Wednesday, September 7, 2011

Stages of Grief and a Chronic Illness...

With a chronic illness it's like you are losing part of you or part of your loved one that you cannot get back. In Clifford's case I cannot get back the carefree days without D. The time that I sent him off to Preschool without any worries, or even a second thought to him eating or drinking.

When looking at a chronic illness to begin to even accept it you must go through the grief of losing that piece of someone or yourself.

The first stage is Denial, The I can't believe this stage. I kept thinking in our experience that maybe they got it wrong, maybe it wasn't Type 1 diabetes, maybe it was something else that he can just take a pill for or nothing at all. Denial is a hard stage, because with Diabetes you need to accept your new normal and handle and care for your or your loved ones Diabetes diligently.

After you have passed Denial you will hit the stage known as Depression. I may have stayed in this stage a little longer then I would have liked. I was very unhappy that Clifford had to go through what he had to go through and couldn't be a normal kid anymore. I could cry at the drop of a hat just thinking what he must endure now and the rest of his life until there is a cure. Heck I probably could still cry at the drop of the hat, but I'm emotional like that. I however got through the depression and moved onto the next stage which is Anger.

In the anger stage, which once in awhile I frequently revisit, I was so angry with Diabetes for coming into his life. I wanted it to see where the front door was and see it's way out. I wanted Diabetes to know it was NOT welcome in Our life and most importantly my son's life! It's hard to live day to day when you are so very angry at someone or something. It's not healthy for anyone around you and certainly not healthy for yourself. It is also hard not to be angry at something such as Diabetes for robbing them of a normal life. But eventually you move past your anger and learn to enter the last stage Acceptance.

During the acceptance stage you realize finally that this is how it is going to be from here on out. How I looked at it was I could either sit around being sad and angry at something that was out of our control, or I could accept it, and be as happy as I possibly could. It helps to look at all the positive around you rather than the negative when dealing with D. The best positive of all is that my son is alive!

Now some stages of grief list bargaining. Which I can see as I have said many times to God, why couldn't he just make Clifford's pancreas work correctly and give me D instead. That I would much rather endure the shots, and everything involved with D rather than Clifford go through it.

In all I've gone through all the stages of grief. That's not to say that from time to time I don't go back and revisit a few. I do, I'm only human, but I've learned to accept that this is Clifford's new life, and we just make sure to do our very best to ensure he grows up to be a happy and healthy adult. And also make sure he is a responsible capable adult in dealing with his diabetes management, that is until a cure is found...........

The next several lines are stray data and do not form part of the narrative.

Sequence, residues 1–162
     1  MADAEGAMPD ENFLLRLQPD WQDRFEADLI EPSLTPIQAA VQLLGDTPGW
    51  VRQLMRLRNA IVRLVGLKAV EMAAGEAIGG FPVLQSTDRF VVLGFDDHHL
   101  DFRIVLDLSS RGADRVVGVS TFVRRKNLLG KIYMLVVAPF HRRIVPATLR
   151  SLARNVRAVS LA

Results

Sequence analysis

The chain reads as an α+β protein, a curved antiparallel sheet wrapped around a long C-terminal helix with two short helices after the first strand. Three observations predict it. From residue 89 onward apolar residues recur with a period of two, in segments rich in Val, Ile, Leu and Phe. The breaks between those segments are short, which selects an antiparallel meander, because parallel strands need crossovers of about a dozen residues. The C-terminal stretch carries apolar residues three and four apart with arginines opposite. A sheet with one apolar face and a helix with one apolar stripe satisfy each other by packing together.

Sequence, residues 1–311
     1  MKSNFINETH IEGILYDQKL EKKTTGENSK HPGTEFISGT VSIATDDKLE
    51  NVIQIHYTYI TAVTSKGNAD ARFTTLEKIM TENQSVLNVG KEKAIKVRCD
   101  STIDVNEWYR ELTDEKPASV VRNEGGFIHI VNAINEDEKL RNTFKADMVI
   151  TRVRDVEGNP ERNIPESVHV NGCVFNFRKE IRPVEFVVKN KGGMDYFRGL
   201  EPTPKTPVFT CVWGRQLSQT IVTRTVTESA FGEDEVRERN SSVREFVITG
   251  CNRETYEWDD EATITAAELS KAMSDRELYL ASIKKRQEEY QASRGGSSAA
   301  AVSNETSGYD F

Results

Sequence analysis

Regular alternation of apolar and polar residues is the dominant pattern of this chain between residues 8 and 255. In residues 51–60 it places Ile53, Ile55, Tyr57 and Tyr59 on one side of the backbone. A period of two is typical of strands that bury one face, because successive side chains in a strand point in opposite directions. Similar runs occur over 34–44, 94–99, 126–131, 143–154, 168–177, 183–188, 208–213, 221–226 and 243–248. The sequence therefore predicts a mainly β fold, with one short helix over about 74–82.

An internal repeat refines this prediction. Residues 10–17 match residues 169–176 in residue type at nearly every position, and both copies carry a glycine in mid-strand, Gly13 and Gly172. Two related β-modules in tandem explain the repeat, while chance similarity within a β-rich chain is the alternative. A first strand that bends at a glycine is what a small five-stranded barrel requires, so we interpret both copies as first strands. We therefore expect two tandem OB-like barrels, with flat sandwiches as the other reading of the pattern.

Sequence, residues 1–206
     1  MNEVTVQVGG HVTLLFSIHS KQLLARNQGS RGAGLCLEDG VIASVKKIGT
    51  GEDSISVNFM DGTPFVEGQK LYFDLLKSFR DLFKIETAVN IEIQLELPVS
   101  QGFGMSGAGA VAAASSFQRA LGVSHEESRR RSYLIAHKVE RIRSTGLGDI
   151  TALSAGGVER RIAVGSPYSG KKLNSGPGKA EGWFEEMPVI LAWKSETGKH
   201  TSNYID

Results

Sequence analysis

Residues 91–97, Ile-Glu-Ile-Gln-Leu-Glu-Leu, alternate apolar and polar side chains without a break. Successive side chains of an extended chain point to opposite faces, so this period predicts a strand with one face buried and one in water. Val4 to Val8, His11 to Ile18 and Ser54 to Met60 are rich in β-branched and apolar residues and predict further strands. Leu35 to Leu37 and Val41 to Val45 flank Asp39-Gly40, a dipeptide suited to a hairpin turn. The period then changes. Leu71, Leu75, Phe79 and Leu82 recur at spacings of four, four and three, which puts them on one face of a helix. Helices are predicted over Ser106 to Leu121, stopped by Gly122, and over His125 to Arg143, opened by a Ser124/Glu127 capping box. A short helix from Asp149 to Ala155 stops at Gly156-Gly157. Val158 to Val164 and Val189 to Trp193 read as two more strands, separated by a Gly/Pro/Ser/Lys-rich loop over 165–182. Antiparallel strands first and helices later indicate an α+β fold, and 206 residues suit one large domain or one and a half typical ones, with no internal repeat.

1. I didn't allow myself to grieve in the beginning. I went straight into "mom mode." But I found that I had to circle back and let myself have feelings about it once things settled down.

  2. I came upon this post through Leighann D-mom on twitter. Wow, I love your diaghram I was diagnosed with D 2/2/11 at age 49 so I've been dealing with it for 7 months. I have gone through all of those feelings, except I think I didn't bargain because as the mom I wouldn't want anyone else in my family to have to live with this condition, if it had to be someone I guess I'd rather it be me than one of my children or future grandchildren. During my denial stage I told myself and my family "I'm one tough broad, I can do this". Then as I was going through the depression phase, I decided I wasn't as tough as I thought I was, this condition had weakened me. I still HATE that this happened to me, I had 49 great diabetes free years and would love to have that back, but I think I am possibly in the acceptance phase now. Your son and the rest of your children will learn from you how to deal with life changing things, by the way you deal. I have a 24 year old and a 14 year old, the 14 is still at home, it has affected her so much but I'm trying to teach her to be strong when life throws you a curve ball, and you just keep living.

  3. So true. I think I've circled around these stages a couple of times in the last 2 1/2 years since Ally's dx. I wonder if I will ever completely feel acceptance?

  4. Thank you both for offering your advice. It is very difficult to get into the acceptance stage. I think many may never get there, and you can most definitely understand why. But for myself and for my family I felt I needed to be there, and needed to get done what needed to be done to show Clifford he's just the same as before, we just now have to work a little harder. He needs an example on how to handle changes, and events that will affect him when he's older, and I hope by accepting what has happened and moving on and learning to manage our new normal he will have that example.